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Moderate Democrats Take On Red States


Now for all the focus on how the Democratic Party is shifting to the left nationally - if Democrats take control of the House, it may be because of moderate Democrats winning in Republican districts. Take Utah's 4th Congressional District. It is deep red. And according to a recent poll, Republican Congresswoman Mia Love and Democrat Ben McAdams are in a dead heat. NPR's Scott Detrow reports.

SCOTT DETROW, BYLINE: In this year of deep partisan splits, it's almost jarring to hear Democrat Ben McAdams answer this question about President Trump.


UNIDENTIFIED REPORTER: How do you view how the Trump administration is doing right now?

BEN MCADAMS: You know, I think mixed reviews.

DETROW: The mayor of Salt Lake County, Utah, criticizes Trump, for sure, on immigration policy, health care and other fronts. But he's a lot more measured and cautious about it than most Democrats running for Congress this year. In a year where many in the party are talking about impeachment and single-payer health care, he likes to talk about burdensome regulations.

MCADAMS: I will work with the Trump administration when I think it's good for this country and when it's good for Utah. I'll be there. You know, I think we do need an infrastructure package to invest in local roads and bridges, and I want to be part of that.

DETROW: That's all no accident. The county official and former state senator knows that while other Democrats debate the tactics of exciting the party base versus appealing to Republican voters to switch sides, he's got no choice. Republicans have a 13-point advantage in this district.

MCADAMS: The votes I need to win this election, I've gotten twice before - just need to reassure those people that, you know, I'm not going to change. I'm going to be the same person as a member of Congress that I've been as mayor.

DETROW: He's also got to convince them to dump Mia Love, a two-term congresswoman who got immediate national attention by being the first-ever black woman elected to Congress as a Republican. Love is conservative. But running in a tight race, she repeatedly frames herself as a pragmatist.


MIA LOVE: Going into Washington, I know exactly who I'm working with. I have built relationships on both sides of the aisle.

DETROW: Love is aggressive about defending the Republican tax overhaul and the ultimately failed push to repeal the Affordable Care Act. She's also quick to point out that in several high-profile moments, she's criticized Trump most notably on immigration, where she helped force a floor vote on a fix for the Deferred Action for Childhood Arrivals program and when she publicly scolded him for using a slur to describe predominantly black countries during a White House meeting on immigration.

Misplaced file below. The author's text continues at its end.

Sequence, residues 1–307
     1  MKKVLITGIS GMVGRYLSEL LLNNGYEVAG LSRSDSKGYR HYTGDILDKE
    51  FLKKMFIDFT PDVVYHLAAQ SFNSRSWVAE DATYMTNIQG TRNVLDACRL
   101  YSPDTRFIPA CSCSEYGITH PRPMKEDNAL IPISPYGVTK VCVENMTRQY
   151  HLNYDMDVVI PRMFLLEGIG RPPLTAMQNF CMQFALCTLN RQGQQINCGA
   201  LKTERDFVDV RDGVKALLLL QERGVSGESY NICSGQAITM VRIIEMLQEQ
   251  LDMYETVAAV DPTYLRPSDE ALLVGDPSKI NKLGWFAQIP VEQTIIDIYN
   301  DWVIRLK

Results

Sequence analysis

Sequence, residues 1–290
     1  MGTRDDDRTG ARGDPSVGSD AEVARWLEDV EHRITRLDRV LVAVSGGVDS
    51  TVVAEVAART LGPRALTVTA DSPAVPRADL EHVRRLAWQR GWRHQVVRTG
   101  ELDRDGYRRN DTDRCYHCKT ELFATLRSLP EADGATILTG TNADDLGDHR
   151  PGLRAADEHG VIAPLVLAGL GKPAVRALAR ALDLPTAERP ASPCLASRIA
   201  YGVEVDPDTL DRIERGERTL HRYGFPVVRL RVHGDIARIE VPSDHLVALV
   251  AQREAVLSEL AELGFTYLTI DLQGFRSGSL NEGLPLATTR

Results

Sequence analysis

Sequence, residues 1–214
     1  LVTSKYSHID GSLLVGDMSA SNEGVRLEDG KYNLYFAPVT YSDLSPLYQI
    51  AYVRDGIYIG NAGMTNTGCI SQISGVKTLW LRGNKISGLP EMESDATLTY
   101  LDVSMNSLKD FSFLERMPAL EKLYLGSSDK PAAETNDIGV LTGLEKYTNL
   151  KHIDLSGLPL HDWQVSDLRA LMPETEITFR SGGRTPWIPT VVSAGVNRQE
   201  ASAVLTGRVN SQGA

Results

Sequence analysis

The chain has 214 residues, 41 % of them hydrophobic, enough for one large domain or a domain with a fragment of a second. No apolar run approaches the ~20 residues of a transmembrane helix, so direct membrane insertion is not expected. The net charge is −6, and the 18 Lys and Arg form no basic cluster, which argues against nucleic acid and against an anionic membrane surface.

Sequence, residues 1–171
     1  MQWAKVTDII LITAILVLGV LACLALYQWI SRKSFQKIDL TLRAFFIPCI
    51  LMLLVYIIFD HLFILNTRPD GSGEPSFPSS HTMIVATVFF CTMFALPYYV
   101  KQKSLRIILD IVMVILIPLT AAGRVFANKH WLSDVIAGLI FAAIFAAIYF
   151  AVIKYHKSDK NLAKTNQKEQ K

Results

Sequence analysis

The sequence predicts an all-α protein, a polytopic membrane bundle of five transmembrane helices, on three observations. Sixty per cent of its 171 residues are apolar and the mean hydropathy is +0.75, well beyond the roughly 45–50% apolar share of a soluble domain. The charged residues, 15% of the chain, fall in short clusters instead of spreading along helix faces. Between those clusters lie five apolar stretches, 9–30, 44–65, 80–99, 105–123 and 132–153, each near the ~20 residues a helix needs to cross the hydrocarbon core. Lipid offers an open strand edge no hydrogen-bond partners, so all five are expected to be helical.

LOVE: As a matter of fact, I'm the only one in this delegation that has stood up to the president when he has done something wrong and have worked with him when he has done something right.

DETROW: Republicans occasionally chiding Trump's statements then backing him on policy has been a major theme over the past two years. That's something McAdams keeps pointing out, saying that voters should look at Love's votes and actions, not her occasional statements.

MCADAMS: I don't get credit for what I try to do or what I say I want to do. I'm judged based on what I accomplish, and we need to hold the same standard to our representatives in Congress.

DETROW: As the race has tightened, Love has done what many other Republicans are doing, framing a vote for McAdams as a vote for Nancy Pelosi. That's despite the fact McAdams says he would not vote for Pelosi to be speaker.


LOVE: Now my opponent may be naive and say he's not going to vote for Nancy Pelosi. But if you watch what's going on there, if she - if this seat turns over and they win the House, Nancy Pelosi will be speaker of the House.

DETROW: McAdams insists he'd keep his independence in Washington.

MCADAMS: What I see is - if the Democrats do take back the House, it's because a lot of people like me will win their elections. And these are people for whom party does not come first, but solutions comes first.

DETROW: As Democrats last election after election in recent years, the main casualties were moderates like McAdams. But many of the candidates in the swing districts the party is trying to flip this year don't fit in with Democrats' national leftward shift. They aren't calling for single-payer health care or impeachment. So if election night goes well for the party, the next big question is how the return of more moderates shifts party dynamics, especially if they're the ones responsible for Democrats winning back power. Scott Detrow, NPR News, Salt Lake City.

(SOUNDBITE OF RJD2'S "JUNIOR") Transcript provided by NPR, Copyright NPR.

Scott Detrow is a White House correspondent for NPR and co-hosts the NPR Politics Podcast.
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